City of Joburg to deploy e-health, digitise health records
The City of Johannesburg is set to digitise patient records through an e-health solution to be rolled out in the coming year.
This is according to executive mayor Mpho Phalatse, who outlined plans to use digital technologies in anchoring service delivery during her State of the City Address last week.
The mayor’s plans for a smart city are under way and technology will be at the centre of delivering services, ranging from traffic management, safety and security, to healthcare.
Phalatse said her multi-party government is steadfast in its commitment to set the entities on track and ensure residents get value for money.
In her address, the mayor said the city is also investing in new IT systems to manage the workforce and enable hybrid working arrangements, so that the metropolitan is ready for the future of work.
“Building something great, and something that will last forever, requires us to all consistently play our part towards fulfilling our vision of building a city of golden opportunities,” said Phalatse.
“The last few months have not been easy, but they have been made easier knowing that I have a team, and that Johannesburg has a team that fully understands the issues facing the city and its residents, and works daily to solve those issues.”
On safety and security matters in the city, she said: “There are thousands of CCTV cameras around the city that are not linked; we have therefore started the process of linking to the Public Safety Integrated Intelligence Operations Centre.This will enable us to better detect and respond to crime.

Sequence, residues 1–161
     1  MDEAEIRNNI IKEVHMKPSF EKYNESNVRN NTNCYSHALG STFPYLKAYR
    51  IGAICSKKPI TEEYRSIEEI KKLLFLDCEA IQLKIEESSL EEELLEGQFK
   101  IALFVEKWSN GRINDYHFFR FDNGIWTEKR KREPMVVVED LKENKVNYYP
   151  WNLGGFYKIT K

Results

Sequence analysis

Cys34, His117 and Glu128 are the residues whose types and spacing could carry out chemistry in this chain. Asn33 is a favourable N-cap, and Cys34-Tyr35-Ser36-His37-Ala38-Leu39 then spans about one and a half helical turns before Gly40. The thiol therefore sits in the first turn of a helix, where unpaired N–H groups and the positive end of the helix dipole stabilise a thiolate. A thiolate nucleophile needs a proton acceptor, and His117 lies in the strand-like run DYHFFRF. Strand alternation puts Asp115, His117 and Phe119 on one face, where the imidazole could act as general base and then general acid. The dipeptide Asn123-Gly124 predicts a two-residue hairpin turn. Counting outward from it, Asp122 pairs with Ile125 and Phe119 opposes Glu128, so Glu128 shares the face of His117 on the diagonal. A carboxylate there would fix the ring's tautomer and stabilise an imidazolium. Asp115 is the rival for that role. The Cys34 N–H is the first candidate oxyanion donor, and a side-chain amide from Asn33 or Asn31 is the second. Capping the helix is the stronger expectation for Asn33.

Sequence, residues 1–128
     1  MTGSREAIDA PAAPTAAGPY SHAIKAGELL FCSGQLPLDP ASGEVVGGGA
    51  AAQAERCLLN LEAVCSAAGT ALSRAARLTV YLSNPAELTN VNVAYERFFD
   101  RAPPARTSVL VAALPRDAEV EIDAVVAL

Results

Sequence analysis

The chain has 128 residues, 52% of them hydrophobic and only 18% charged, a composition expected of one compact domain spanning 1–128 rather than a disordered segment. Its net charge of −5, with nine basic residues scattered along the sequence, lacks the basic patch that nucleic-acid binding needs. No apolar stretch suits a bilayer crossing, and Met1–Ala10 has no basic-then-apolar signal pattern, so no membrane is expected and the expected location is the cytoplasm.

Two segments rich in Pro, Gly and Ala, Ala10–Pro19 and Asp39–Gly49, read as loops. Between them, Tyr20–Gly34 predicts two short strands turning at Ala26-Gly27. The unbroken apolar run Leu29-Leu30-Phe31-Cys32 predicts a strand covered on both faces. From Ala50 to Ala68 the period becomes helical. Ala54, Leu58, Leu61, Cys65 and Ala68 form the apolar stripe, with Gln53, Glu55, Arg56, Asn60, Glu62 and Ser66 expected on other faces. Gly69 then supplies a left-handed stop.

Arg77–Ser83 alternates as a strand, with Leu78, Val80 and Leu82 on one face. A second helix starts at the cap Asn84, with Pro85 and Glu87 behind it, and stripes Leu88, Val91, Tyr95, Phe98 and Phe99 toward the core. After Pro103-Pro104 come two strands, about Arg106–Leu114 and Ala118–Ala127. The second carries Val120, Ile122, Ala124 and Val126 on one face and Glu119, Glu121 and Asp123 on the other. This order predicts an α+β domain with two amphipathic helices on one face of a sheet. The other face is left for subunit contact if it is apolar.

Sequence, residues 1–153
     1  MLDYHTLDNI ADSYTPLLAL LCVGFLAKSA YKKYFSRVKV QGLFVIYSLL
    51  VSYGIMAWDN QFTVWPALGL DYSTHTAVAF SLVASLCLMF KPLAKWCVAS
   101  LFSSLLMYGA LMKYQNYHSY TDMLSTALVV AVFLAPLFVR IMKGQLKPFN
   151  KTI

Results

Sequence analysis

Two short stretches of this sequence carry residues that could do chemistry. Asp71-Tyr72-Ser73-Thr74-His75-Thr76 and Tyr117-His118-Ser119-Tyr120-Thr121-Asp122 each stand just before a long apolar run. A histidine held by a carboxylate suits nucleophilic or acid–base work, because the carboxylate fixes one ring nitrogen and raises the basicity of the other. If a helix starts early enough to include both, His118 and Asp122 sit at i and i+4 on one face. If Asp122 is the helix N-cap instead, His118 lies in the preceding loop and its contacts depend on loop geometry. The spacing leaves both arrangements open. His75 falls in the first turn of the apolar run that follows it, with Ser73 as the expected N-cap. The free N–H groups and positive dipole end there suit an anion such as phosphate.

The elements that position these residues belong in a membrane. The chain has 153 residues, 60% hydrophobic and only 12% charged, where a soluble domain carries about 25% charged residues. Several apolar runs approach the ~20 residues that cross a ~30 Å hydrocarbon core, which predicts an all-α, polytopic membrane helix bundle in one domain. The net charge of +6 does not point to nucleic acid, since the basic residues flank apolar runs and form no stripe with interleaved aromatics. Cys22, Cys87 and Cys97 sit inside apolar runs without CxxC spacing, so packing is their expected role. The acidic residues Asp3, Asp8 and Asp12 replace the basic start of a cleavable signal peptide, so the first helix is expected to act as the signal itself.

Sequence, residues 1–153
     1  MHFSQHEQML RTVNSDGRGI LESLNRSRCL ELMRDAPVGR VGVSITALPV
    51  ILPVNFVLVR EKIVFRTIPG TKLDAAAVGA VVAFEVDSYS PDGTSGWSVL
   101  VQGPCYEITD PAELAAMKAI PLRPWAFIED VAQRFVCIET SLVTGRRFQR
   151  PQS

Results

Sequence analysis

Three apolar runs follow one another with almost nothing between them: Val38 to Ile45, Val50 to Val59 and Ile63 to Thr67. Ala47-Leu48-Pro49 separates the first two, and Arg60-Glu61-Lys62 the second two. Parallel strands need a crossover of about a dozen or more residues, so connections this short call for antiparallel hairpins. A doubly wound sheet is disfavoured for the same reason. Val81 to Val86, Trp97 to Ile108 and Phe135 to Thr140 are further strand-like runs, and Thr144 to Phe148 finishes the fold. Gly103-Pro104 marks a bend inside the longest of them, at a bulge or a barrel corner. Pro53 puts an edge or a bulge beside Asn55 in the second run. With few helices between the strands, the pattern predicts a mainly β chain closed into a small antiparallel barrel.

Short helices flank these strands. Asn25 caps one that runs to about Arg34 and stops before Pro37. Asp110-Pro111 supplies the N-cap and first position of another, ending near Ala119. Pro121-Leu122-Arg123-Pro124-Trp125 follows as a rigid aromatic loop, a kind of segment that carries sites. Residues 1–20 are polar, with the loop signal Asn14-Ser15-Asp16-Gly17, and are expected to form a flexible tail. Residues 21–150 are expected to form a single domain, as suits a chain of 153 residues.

“Our city of golden opportunities must ensure we work smart at all levels, which means introducing digital health records for efficiency and better patient care. We will, therefore, be rolling out its digital e-health solution over the coming year, with the aim of digitising patient records, integrating them into other systems nationally and allowing us to treat our residents in a more insightful, reliable and holistic way.”
Furthermore, the mayor said to contribute towards the city’s revenue collection drive, the Johannesburg Metro Police Department has reinstated smart roadblocks, which helped the city collect in excess of R14 million in just nine weeks.
Smart roadblocks use automatic number-plate-recognition to identify motorists who have outstanding fines, those driving 'cloned' vehicles, and those with stagnant fines or fines with incorrect addresses.
In her address, Phalatse urged residents to be proactive and support her team.
“The city can and will be restored, with each of us doing our part. We need to start by taking responsibility and uniting behind a common mission − to love our city, to nurture, cherish and protect her for generations to come.”